The recent 2016 correction in stocks has lead to some beneficial soul-searching about investing.

But a number of more recent pieces help show the bright side of investing by putting the bad news in its proper statistical perspective.

Eric Nelson, a financial advisor who is the lead writer for the blog of Servo Wealth Management, warns readers not to sell their stocks.

“First, realize that stock declines are very common,” he writes.

Referring to a chart of stock history going back to 1926, Nelson points out, in just about every year, the stock market experiences a significant downturn. “Yet the long-term return on stocks has been fantastic despite these periodic setbacks. From 1926 through 2015, the return on the S&P 500 was +10% annually—every $1 invested became $5,386. It was positive 87% of the time over five-year periods, 94% over ten-year periods, and has never experienced a negative twenty-year period (not to say this is impossible, just highly unlikely).”

He adds that steep and speedy declines don’t typically mean much greater losses in the future.

“Instead, significant declines are often followed by sharp subsequent upturns,” adds Nelson. “According to research from Dimensional Fund Advisors (DFA), we’ve seen 28 instances where stocks fell at least 10% on consecutive trading days—reminiscent of the experience since the start of the year. On average, stocks were up over 23% in the following twelve months, almost 9% per year over the following three years, and over 13% over the subsequent five years. While some downturns lead to greater declines in the near term, the long-term evidence is clear, lower prices eventually lead to higher future returns.”

In recent days, some of the handwringing among investors is centered on the fear that the current stock market downturn could be signaling that the U.S. is heading toward a recession driven by a greater-than-expected global slowdown.

So it’s reassuring when Ben Carlson, author of the Wealth of Common Sense blog, writes that history has had many examples of big market sell-offs that don’t result in an economic recession.

To be sure, writes Carlson , most of the largest crashes in stocks have coincided with a recession — 1929-32, 1937-38, 1973-74, 2000-2002 and 2007-2009 come to mind.

But he points out that double-digit losses and even bear markets can certainly occur without a big economic downturn. “This has happened roughly one out of every five years since the late-1930s,” Carlson adds. “If this does turn out to be one of these non-recessionary down markets then we’re more than half way through the average loss scenario (with the standard caveat that markets are never average in real time).”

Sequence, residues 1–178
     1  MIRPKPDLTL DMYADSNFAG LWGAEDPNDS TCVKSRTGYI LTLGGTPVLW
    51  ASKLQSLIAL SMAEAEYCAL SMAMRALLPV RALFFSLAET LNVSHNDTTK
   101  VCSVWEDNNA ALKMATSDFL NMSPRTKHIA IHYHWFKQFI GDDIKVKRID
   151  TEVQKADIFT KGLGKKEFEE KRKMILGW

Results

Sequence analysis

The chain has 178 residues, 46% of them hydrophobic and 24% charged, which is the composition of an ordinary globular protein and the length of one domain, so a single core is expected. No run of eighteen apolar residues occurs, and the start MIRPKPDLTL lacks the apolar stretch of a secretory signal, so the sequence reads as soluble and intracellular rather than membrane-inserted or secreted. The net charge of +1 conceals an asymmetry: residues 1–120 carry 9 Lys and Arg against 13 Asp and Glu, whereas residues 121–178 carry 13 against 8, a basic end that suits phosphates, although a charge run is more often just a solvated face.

He makes a great point: “while losses in the stock market are never enjoyable they’re still the best chance most of us have to see large gains in the future. This is the paradox of investing that is so painful and counterintuitive for people to grasp. Lower prices mean higher yields and higher expected future returns when new cash is put to work.”

Cullen Roche, an influential financial blogger, makes the case on his Pragmatic Capitalism blog that the U.S. is not heading for a recession, an economic event that would surely take stocks into bear territory.

Among his arguments why a U.S. recession won’t happen in the coming year: US and European banks are much healthier today than they were in 2007, there hasn’t been a big credit boom in the US and Europe like there was during the housing bubble, and consumer balance sheets are much healthier today than they were in 2007.

He also points out that “even if China is a financial house of cards their financial system isn’t interlinked to the USA and Europe in the same way that the USA and Europe are interlinked.”

Finally, Zachary Karabell, head of global strategy at Envestnet, wrote a piece for Politico that juxtaposes all the doomsaying with the reality of an economy that is chugging along reasonably well.

The facts are that the United States has experience 70 consecutive months of job growth; the headline unemployment rate is at 5 percent, which is half what it was in the worst of 2009 and close to what it was in the boom times of the 1990s,” writes Karabell.
“Economic growth as measured by GDP has been chugging along steadily at between 2% and 2.5%, which is lower than it was for much of the second half of the 20th century, but rather high compared to any other developed economy in the world. And while wages are stagnant, and most incomes other than those of the very affluent are as well, costs of many of life’s essentials from energy and gasoline to communications to clothing and food, are lower.”

Source:  Barron’s

http://www.barrons.com/articles/bright-side-to-stock-rout-1453247783